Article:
Fracking ban remains in place in parts of Sichuan

18 April 2019, Week 15, Issue 739

A ban on hydraulic fracturing is still in force in parts of China’s Sichuan Province – the epicentre of the country’s shale gas industry – almost two months after several earthquakes hit the area. 

The Sichuan Earthquake Administration said there was no link between the tremors and the fracking technique, according to Chinese state media reports. However, the local government in Rongxian County ordered a halt to fracking following public protests against shale gas development by locals.

“Videos went viral on social media of protesters marching holding banners with such slogans as ‘Resist shale gas mining’,” independent news website Caixin reported.

Two people are reported to have died, while 12 others were injured and hundreds of homes were damaged by the earthquakes, which shook Rongxian over two days in late February.

The ban on fracking is preventing national oil companies (NOCs) Sinopec and China National Petroleum Corp. (CNPC) from continuing operations in the region, Caixin said. The two companies do not know when they may be able to restart operations.

Rongxian County is part of the Weirong block, where Sinopec has a drilling licence.

Production at CNPC’s main shale gas project in Sichuan – the Changning-Weiyuan block – is also on hold because of the fracking ban, Reuters reported earlier. Changning-Weiyuan, which produced 4.27 bcm in 2018, is outside Rongxian County but in the same area.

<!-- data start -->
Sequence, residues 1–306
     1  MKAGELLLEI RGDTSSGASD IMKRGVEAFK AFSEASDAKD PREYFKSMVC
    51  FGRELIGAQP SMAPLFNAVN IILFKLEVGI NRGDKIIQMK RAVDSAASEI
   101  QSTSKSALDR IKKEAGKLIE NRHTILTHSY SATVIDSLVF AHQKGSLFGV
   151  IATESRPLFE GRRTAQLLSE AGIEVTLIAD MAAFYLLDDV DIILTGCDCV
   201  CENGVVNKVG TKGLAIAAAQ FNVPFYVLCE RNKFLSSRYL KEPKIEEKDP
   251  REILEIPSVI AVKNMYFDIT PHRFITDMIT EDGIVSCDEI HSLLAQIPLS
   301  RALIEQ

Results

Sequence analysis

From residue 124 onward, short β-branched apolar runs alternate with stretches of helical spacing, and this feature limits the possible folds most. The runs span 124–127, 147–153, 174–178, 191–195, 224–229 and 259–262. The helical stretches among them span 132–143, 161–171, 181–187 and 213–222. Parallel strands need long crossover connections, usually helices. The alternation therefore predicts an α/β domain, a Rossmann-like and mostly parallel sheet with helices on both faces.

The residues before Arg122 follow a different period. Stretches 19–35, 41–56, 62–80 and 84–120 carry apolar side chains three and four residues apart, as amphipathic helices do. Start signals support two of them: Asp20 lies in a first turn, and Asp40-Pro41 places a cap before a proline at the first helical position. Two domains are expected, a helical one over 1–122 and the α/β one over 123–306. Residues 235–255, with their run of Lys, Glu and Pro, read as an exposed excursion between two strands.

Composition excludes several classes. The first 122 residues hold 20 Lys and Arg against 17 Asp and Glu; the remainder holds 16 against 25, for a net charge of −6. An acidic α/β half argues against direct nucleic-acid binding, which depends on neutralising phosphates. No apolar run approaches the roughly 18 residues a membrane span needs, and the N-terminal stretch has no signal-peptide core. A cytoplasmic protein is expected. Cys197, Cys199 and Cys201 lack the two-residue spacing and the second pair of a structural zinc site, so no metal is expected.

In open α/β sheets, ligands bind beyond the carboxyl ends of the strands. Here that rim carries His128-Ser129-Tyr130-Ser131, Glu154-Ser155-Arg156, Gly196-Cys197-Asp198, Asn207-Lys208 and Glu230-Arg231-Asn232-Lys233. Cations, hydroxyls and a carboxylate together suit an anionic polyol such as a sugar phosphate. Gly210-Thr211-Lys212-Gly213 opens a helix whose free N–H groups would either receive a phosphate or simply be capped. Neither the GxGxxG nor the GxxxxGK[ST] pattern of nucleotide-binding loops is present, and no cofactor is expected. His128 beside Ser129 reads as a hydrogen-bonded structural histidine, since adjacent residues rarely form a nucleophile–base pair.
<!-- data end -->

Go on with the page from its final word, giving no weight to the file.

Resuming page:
Sichuan was susceptible to earthquakes before drilling for shale gas there began. However, a study by the Seismological Society of America published by Science Daily on April 5 said two moderate-sized earthquakes that struck Sichuan Province in December and January were “probably caused by nearby fracking operations”. The study suggested that the number of earthquakes in the area had increased since the use of systematic fracking began in the Changning-Weiyuan block.

Much of the identified shale gas in Sichuan is located in mountainous regions and at great depths in fragmented pockets rather than in large reservoirs, making access technically difficult and expensive for drillers.


Edited by

Andrew Kemp


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